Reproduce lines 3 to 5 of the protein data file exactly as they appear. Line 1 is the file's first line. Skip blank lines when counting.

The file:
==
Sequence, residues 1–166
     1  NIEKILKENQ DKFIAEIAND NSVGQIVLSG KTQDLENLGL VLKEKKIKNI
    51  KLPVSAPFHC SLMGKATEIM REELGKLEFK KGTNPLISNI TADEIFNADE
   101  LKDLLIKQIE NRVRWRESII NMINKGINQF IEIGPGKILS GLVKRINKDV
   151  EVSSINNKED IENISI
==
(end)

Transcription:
    51  KLPVSAPFHC SLMGKATEIM REELGKLEFK KGTNPLISNI TADEIFNADE
   101  LKDLLIKQIE NRVRWRESII NMINKGINQF IEIGPGKILS GLVKRINKDV
   151  EVSSINNKED IENISI